For the first time in six years, South Korea’s central bank, Bank of Korea (BoK) has raised the interest rates. South Korea has been facing rising pressure to increase borrowing costs. This move in Seoul is the first hike of a benchmark rate by a major central bank in Asia since 2014.
As the world’s eleventh-largest economy, South Korea is bigger than any other country that has experienced a military conflict on its own soil in the past seventy years. South Korea is heavily integrated into regional and global manufacturing supply chains. South Korea is currently the fourth-biggest producer of electronics products, including liquid crystal displays, where it accounts for 40 percent of the global total. South Korea is also the second-biggest producer of semiconductors, with a global market share of around 17 percent. South Korea is also a major automotive producer, accounting for about 5 percent of global vehicle production, as well as being home to the world’s three largest shipbuilders.
Bank of Korea
The central bank for the Republic of Korea (South Korea) is Bank of Korea. It was established in 1950 and is headquartered in Seoul. The Bank's primary purpose is price stability. For that, the bank targets inflation. The 2016–18 target is consumer price inflation of 2.0%.
The interest rate is the percent of principal charged by the lender for the use of its money. The principal is the amount of money lent. Shifts in this crucial interest rate have a drastic effect on the building blocks of macroeconomics, such as consumer spending and borrowing. Changes in interest rates can have both positive and negative effects on the markets.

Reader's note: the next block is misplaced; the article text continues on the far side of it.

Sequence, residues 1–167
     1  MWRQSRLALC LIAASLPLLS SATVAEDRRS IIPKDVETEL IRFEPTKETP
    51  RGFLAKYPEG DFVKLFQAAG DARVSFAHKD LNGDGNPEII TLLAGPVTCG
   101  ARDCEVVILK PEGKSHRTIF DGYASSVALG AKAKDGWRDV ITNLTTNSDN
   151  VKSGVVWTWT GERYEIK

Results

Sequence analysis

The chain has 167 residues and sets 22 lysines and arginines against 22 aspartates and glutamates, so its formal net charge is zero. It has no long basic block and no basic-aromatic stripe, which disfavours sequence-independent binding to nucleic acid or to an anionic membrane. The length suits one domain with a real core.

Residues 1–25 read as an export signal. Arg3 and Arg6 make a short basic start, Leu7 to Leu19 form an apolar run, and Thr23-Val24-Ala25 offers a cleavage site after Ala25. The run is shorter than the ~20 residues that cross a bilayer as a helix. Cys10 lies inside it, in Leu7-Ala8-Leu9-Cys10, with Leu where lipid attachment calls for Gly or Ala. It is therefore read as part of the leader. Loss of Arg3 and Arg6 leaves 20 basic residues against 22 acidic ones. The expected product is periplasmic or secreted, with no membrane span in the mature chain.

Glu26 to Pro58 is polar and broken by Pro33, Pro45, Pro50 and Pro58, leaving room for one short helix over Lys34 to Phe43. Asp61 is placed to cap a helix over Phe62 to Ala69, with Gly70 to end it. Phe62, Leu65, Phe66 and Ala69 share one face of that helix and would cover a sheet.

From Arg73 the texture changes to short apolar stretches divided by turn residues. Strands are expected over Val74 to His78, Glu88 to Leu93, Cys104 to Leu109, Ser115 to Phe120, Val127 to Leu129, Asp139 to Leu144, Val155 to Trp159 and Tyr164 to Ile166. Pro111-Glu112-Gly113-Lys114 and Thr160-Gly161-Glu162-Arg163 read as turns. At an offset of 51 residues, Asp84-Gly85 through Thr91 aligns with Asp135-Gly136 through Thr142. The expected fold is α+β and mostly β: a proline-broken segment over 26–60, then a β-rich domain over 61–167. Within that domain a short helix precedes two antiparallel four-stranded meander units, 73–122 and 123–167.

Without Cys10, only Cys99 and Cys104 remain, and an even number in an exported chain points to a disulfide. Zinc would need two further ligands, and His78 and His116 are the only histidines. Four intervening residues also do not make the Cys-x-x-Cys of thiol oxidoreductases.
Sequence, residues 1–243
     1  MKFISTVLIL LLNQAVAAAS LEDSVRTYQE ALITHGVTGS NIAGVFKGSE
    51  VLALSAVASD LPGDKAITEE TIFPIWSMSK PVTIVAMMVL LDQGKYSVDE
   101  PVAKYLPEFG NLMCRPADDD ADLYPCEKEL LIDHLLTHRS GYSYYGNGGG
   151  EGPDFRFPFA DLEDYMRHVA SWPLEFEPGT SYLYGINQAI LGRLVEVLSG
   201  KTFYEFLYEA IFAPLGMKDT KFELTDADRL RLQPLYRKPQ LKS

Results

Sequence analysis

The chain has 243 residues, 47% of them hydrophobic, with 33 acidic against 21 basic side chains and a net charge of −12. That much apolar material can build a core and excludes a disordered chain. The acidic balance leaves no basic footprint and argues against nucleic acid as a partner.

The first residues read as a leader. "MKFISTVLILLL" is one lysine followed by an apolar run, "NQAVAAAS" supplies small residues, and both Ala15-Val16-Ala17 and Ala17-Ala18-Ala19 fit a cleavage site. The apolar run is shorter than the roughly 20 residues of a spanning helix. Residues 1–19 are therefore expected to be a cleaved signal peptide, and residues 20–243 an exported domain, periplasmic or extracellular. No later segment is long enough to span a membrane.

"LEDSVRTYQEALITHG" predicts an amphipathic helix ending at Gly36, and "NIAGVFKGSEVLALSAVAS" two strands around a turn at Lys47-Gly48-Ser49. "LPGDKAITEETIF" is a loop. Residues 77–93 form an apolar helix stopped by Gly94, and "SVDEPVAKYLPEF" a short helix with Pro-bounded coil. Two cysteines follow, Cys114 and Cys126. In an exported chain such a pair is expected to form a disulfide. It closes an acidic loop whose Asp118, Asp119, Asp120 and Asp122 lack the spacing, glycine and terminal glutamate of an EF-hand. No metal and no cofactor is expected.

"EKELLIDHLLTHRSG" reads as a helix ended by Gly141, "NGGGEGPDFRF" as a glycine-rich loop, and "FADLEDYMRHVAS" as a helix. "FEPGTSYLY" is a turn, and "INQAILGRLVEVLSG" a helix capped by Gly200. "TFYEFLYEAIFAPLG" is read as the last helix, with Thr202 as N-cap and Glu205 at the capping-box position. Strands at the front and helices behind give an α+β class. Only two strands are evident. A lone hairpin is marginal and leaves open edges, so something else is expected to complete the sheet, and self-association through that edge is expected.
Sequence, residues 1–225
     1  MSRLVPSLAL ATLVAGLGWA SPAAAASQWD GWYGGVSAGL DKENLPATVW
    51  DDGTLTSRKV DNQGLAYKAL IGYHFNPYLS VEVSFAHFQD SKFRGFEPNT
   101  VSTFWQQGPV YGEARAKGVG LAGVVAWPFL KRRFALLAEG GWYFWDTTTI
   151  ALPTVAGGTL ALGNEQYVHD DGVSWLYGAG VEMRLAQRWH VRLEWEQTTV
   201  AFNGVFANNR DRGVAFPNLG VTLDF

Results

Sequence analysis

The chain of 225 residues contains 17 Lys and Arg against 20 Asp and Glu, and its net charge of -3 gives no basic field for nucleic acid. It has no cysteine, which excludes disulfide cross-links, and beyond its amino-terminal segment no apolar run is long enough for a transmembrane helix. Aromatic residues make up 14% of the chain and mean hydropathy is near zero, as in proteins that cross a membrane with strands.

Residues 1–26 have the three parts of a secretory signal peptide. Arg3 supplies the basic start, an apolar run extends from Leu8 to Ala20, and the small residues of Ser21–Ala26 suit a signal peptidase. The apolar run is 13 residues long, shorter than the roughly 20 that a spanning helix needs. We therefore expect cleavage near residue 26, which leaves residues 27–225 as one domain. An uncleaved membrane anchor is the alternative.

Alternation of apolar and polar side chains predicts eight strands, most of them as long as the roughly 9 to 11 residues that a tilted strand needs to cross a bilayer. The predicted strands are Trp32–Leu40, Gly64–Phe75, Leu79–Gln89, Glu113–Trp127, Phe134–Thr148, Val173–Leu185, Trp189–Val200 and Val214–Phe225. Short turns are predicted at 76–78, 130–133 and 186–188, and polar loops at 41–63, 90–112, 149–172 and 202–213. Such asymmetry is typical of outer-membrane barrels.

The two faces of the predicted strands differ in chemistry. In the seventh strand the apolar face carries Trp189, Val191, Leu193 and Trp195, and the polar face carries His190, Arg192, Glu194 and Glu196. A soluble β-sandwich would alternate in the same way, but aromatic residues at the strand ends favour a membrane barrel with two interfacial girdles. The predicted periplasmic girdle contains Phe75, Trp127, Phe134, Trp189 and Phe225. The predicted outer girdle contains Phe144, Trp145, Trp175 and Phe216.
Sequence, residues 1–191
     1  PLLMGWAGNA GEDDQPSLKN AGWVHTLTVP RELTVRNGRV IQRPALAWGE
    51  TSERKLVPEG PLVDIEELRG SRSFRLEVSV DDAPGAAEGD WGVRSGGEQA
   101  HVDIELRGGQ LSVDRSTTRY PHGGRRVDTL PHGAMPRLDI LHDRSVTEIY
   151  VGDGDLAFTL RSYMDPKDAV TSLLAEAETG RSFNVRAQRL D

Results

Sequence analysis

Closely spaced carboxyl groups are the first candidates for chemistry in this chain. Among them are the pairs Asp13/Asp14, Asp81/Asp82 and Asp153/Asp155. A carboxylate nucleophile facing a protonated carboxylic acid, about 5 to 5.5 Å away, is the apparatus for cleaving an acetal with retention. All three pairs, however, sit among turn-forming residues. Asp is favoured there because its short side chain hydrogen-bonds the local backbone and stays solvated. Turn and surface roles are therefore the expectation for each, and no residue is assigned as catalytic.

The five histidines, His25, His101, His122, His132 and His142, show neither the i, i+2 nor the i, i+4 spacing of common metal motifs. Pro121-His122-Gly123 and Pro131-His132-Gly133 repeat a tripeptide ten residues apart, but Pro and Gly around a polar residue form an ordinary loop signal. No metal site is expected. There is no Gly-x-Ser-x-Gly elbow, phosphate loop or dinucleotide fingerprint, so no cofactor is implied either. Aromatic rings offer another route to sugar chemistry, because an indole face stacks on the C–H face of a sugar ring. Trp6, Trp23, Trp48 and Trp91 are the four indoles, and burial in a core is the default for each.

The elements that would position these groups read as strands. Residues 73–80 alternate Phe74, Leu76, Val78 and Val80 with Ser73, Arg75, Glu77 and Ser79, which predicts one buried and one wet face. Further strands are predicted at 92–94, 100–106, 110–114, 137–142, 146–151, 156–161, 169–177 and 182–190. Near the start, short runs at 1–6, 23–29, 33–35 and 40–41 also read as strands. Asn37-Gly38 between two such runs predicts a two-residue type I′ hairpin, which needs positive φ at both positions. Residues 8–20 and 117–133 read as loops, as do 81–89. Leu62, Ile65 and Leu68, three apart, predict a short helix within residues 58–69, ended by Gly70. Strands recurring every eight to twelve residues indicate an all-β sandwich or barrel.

For the first time in six years, South Korea’s central bank, Bank of Korea (BoK) has raised the interest rates. South Korea has been facing rising pressure to increase borrowing costs. Towards the end of 2015, the Federal Reserve began tightening at the end of 2015 and this move in Seoul is the first hike of a benchmark rate by a major central bank in Asia since 2014. The interest rate has been raised to 1.5%.
The BoK move was widely expected after Lee Ju-yeol, its governor, recently hinted at a shift in the central bank’s monetary policy direction. He said, “The economic recovery is likely to continue with inflation nearing our target. If we leave our rates unchanged, there is a risk of financial imbalances accumulating,”
The market seemingly ignored North Korea’s latest actions. The neighboring nation announced that it had successfully tested a new intercontinental ballistic missile that put all of the U.S. mainland within range. It was the country’s biggest ICBM yet and sent ripples within the international community. However, markets did not react to it as they gained 0.7 percent against the dollar to 1,076.8 before closing onshore trade for the day. This was a two-and-a-half year high.
Analysts and experts have also stated that South Korea’s economy is expected to remain strong. Economists at Natixis have noted that the South Korean economy is strong enough to absorb higher rates. The real annual growth in gross domestic product reaching 3.6 per cent. The nations exports have also risen. Compared to the same month last year, the country’s exports to have risen more than 10 percent.
“The bank kicked off its rate normalisation drive. It won’t be a one-off hike but the next move is likely to come in six to eight months,” said Kwon Young-sun, economist at Nomura.
Our assessment is that given the strong state of the South Korea economy, BoK is likely to increase interest rates once again. Experts note that a further increase in interest rates will be introduced in first half of 2018. The escalated threat posed by North Korea is unlikely to deter this progress as it stands.